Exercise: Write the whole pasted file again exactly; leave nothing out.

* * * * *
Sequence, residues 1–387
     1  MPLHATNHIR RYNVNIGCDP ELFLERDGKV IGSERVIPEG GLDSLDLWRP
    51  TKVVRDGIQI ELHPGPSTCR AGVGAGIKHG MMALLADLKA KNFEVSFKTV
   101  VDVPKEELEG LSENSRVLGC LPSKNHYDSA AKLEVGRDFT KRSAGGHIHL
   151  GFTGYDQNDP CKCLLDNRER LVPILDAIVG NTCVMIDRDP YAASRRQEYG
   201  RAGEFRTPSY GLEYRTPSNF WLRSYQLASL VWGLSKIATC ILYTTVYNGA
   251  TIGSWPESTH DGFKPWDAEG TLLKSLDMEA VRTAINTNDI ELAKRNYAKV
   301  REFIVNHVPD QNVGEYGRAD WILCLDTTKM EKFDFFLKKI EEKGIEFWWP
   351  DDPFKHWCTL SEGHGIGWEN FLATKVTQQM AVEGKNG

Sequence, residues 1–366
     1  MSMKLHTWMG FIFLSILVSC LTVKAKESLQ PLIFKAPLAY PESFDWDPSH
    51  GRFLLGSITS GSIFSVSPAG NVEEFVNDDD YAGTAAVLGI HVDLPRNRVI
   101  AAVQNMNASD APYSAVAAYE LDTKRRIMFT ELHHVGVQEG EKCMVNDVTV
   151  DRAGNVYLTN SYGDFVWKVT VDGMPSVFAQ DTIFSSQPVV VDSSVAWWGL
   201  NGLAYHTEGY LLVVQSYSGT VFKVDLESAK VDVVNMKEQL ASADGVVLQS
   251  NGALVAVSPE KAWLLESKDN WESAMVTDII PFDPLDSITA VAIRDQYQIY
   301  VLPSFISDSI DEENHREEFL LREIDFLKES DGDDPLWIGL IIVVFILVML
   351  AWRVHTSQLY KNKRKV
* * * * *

Sequence, residues 1–387
     1  MPLHATNHIR RYNVNIGCDP ELFLERDGKV IGSERVIPEG GLDSLDLWRP
    51  TKVVRDGIQI ELHPGPSTCR AGVGAGIKHG MMALLADLKA KNFEVSFKTV
   101  VDVPKEELEG LSENSRVLGC LPSKNHYDSA AKLEVGRDFT KRSAGGHIHL
   151  GFTGYDQNDP CKCLLDNRER LVPILDAIVG NTCVMIDRDP YAASRRQEYG
   201  RAGEFRTPSY GLEYRTPSNF WLRSYQLASL VWGLSKIATC ILYTTVYNGA
   251  TIGSWPESTH DGFKPWDAEG TLLKSLDMEA VRTAINTNDI ELAKRNYAKV
   301  REFIVNHVPD QNVGEYGRAD WILCLDTTKM EKFDFFLKKI EEKGIEFWWP
   351  DDPFKHWCTL SEGHGIGWEN FLATKVTQQM AVEGKNG

Sequence, residues 1–366
     1  MSMKLHTWMG FIFLSILVSC LTVKAKESLQ PLIFKAPLAY PESFDWDPSH
    51  GRFLLGSITS GSIFSVSPAG NVEEFVNDDD YAGTAAVLGI HVDLPRNRVI
   101  AAVQNMNASD APYSAVAAYE LDTKRRIMFT ELHHVGVQEG EKCMVNDVTV
   151  DRAGNVYLTN SYGDFVWKVT VDGMPSVFAQ DTIFSSQPVV VDSSVAWWGL
   201  NGLAYHTEGY LLVVQSYSGT VFKVDLESAK VDVVNMKEQL ASADGVVLQS
   251  NGALVAVSPE KAWLLESKDN WESAMVTDII PFDPLDSITA VAIRDQYQIY
   301  VLPSFISDSI DEENHREEFL LREIDFLKES DGDDPLWIGL IIVVFILVML
   351  AWRVHTSQLY KNKRKV